Last Friday (Aug. 23), Tanya Tucker released her first album of new music in 17 years with the reflective While I’m Livin’. Produced by Brandi Carlile and Shooter Jennings, the 10-track project is a deeply personal one for Tucker, as it tells stories of her life, her father and where she grew up.
Tucker herself was hesitant to record the project. She tells Billboard she was in Texas for Christmas in 2018, and her bus was scheduled to travel to Los Angeles in early January so she could meet Carlile and Jennings in the studio.
“It was all up in the air because I really didn’t know if I was going to do it at first,” she tells Billboard, settling into a couch at her publicist’s office on Music Row in Nashville. “Shooter talked me into it and I’m glad he did, and I was in the studio January 7.”
Tucker, 60, grew up in the spotlight thanks to the success of first major hit, "Delta Dawn." Released in 1972 when she was just 13, the song peaked at No. 6 on Billboard's Hot Country Songs chart. She'd go on to garner 10 No. 1 hits on the chart, including “If It Don’t Come Easy” and “Strong Enough To Bend,” among others, and release 23 top 40 albums, as well as receive two CMA Awards, two ACM Awards and 10 Grammy nominations. Past relationships with artists like Merle Haggard, Andy Gibb, and Glen Campbell kept her in the tabloids, and influenced her music. In fact, on the back cover of her new album, Tucker is wearing Campbell's old white jumpsuit that she found in her warehouse.
Her first set of new material since 2002’s Tanya, the songs on While I’m Livin’ were tailor-made for Tucker. As she explains, Carlile and twin brothers Tim and Phil Hanseroth studied the country legend's life and catalog, and penned six of the songs on the project based off of her journey — much to Tucker's surprise.
“They all are custom-written for me — every song is about something in my life," Tucker says. "A couple of them are about my dad. ‘Rich’ is about my dad and ‘The Day My Heart Goes Still,’ that’s another one about my dad. ‘Seminole Wind Calling’ is about my hometown of Seminole, Texas… Brandi, she's infatuated with my dad and I think it's very cool. She wished she'd met him, and I do, too.”
A month after they recorded the album, Tucker asked Carlile how she and the twins put so much of her life in the songs on the project without having previously met. “They said, ‘We just listened to you when we were in our cars, we listened to every song we could get our hands on, fell in love with you, fell in love with your music and Googled the hell out of you,’” Tucker recalls. “Every song] has something, a connection very close to me.”
One of the standout tracks on the project is album closer “Bring My Flowers Now,” a striking piano ballad that has Tucker singing, “Bring my flowers now while I’m livin'/ I won’t need your love when I’m gone.” She had the idea for the song 40 years ago and mentioned the title and chorus in passing to Carlile. On the last day in the studio together, Carlile brought up the idea to write the song together.
“She walked in and she said, ‘The band’s on break, let's write that song of yours.’ I went in there and then she said the line, sings] ‘All the miles…’ We just fell into it and wrote it and then we recorded it. The band went out and made a chart and I sang it and that's what you hear,” she says. “I had the chorus already, but I didn't have the meat to go in between the two pieces of bread. Of course the best line is, ‘We all think we got the time until we don't,’ and I wish I could say that was my line. It takes some unexpected process or people, or catalyst or muse, to come in and finish that for me.”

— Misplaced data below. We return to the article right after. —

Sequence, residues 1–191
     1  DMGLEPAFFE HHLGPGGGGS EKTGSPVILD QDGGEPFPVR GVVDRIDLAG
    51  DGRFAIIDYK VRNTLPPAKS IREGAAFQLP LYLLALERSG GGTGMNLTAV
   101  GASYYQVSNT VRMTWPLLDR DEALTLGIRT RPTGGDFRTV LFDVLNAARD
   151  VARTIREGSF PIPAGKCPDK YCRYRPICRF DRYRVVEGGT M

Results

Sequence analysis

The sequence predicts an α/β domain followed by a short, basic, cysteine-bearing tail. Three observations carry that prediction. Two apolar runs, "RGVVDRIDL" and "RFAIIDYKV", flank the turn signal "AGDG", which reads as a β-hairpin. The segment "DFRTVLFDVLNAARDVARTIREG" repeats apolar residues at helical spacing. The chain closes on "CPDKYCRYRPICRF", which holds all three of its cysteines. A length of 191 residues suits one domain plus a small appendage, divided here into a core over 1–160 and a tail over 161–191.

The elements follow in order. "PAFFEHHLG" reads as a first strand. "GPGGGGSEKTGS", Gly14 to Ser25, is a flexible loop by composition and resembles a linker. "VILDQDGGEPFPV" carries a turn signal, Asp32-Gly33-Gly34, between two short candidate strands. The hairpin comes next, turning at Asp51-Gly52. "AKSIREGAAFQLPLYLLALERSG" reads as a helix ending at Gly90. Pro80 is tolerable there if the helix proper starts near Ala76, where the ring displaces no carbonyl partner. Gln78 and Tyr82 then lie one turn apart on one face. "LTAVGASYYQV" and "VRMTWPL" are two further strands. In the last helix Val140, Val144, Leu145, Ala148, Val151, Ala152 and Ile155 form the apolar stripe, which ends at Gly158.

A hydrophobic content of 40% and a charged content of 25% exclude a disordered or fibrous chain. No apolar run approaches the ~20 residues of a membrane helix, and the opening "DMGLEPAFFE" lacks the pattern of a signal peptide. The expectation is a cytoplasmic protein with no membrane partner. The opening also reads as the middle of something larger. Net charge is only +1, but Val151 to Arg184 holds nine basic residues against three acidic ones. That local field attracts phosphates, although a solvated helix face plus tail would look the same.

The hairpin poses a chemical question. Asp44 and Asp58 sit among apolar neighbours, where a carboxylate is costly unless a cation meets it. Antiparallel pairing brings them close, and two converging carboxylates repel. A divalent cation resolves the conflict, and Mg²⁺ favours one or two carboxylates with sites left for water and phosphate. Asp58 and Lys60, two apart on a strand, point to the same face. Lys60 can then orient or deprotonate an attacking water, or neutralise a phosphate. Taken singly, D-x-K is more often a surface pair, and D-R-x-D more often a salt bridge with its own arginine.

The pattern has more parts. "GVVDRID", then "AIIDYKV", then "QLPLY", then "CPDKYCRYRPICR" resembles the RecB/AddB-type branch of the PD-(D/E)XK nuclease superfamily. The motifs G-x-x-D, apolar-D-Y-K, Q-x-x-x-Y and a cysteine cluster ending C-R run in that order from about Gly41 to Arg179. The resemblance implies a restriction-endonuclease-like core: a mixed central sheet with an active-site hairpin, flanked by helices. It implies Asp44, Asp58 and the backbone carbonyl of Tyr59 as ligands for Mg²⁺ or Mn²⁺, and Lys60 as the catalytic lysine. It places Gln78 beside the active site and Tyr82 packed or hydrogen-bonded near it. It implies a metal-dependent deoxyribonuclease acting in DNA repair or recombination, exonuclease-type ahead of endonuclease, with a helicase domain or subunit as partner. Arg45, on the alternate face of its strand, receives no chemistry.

Another memorable moment is Tucker’s cover of Miranda Lambert’s 2010 Country Songs chart-topper “The House That Built Me.” Hesitant to record the song, this one also took a little coaxing from Carlile in the studio. Tucker says she initially refused to cover “The House That Built Me,” confessing to Carlile, “I don’t want to be caught loitering around that song because Miranda’s version], I can’t top it. She said, ‘I think you should just do this and trust me on it.’”
Carlile changed a few of the words to make the song more about Tucker’s life. The singer says while growing up, her dad put her handprints and footprints on the sidewalk in Wilcox, Arizona, so she related personally to the song. While she admits she was “so negative” about recording it, she was pleasantly surprised by her version once she heard it.
“I just didn’t think I could bring anything to it, but I was wrong,” she says. “I love being wrong about things like this, because if I had been right, we wouldn’t be sitting here … I’m very grateful for Brandi and the twins. It was really great working with them. I know that we have a friendship that will be everlasting, she’s very special.”
Working with Jennings was also enjoyable for Tucker, as his father, Waylon Jennings, was "one of my favorite people in the world… One of the songs I brought to the table was ‘High Ridin’ Heroes,’ that Waylon did with David Lynn Jones," she says. "Then here’s Shooter, playing the piano and producing it. It was just like, ‘Wow, it's full circle, and what a great circle."
While I’m Livin’ is Tucker’s first album release since social media took over the album promotion landscape. While Tucker is still navigating the new territory, she is taken aback by the response she has received for the project.
“This is my first album in 17 years, so social media wasn't around to share music] — just bad promotion men. Everything is flip-flopped, and I'm just trying to keep up with the Joneses, the Brookses or the Underwoods,” she says. “I’ve always wanted to be heard by the world. The music's been a gift from the good Lord, and I'm honored and so appreciative of the incredible response of this record. I think it's a brand new start for some really bigger, better, greater things.”